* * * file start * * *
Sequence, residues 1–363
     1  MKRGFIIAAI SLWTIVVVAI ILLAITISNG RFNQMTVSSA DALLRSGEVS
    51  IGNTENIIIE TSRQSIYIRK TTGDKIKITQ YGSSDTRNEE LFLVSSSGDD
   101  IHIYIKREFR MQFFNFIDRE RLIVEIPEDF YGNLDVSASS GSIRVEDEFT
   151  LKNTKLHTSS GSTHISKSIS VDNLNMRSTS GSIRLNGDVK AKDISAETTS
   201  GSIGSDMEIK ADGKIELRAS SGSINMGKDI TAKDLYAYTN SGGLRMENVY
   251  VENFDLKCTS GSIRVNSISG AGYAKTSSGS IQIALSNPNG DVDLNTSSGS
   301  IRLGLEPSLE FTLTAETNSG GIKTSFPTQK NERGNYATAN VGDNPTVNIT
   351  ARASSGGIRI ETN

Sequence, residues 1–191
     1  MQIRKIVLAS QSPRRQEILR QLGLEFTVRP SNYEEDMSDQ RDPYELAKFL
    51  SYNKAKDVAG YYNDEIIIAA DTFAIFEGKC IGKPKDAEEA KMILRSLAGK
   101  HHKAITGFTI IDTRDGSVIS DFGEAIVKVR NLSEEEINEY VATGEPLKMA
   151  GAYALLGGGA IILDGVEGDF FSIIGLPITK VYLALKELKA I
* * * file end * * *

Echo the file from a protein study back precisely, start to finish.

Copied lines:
Sequence, residues 1–363
     1  MKRGFIIAAI SLWTIVVVAI ILLAITISNG RFNQMTVSSA DALLRSGEVS
    51  IGNTENIIIE TSRQSIYIRK TTGDKIKITQ YGSSDTRNEE LFLVSSSGDD
   101  IHIYIKREFR MQFFNFIDRE RLIVEIPEDF YGNLDVSASS GSIRVEDEFT
   151  LKNTKLHTSS GSTHISKSIS VDNLNMRSTS GSIRLNGDVK AKDISAETTS
   201  GSIGSDMEIK ADGKIELRAS SGSINMGKDI TAKDLYAYTN SGGLRMENVY
   251  VENFDLKCTS GSIRVNSISG AGYAKTSSGS IQIALSNPNG DVDLNTSSGS
   301  IRLGLEPSLE FTLTAETNSG GIKTSFPTQK NERGNYATAN VGDNPTVNIT
   351  ARASSGGIRI ETN

Sequence, residues 1–191
     1  MQIRKIVLAS QSPRRQEILR QLGLEFTVRP SNYEEDMSDQ RDPYELAKFL
    51  SYNKAKDVAG YYNDEIIIAA DTFAIFEGKC IGKPKDAEEA KMILRSLAGK
   101  HHKAITGFTI IDTRDGSVIS DFGEAIVKVR NLSEEEINEY VATGEPLKMA
   151  GAYALLGGGA IILDGVEGDF FSIIGLPITK VYLALKELKA I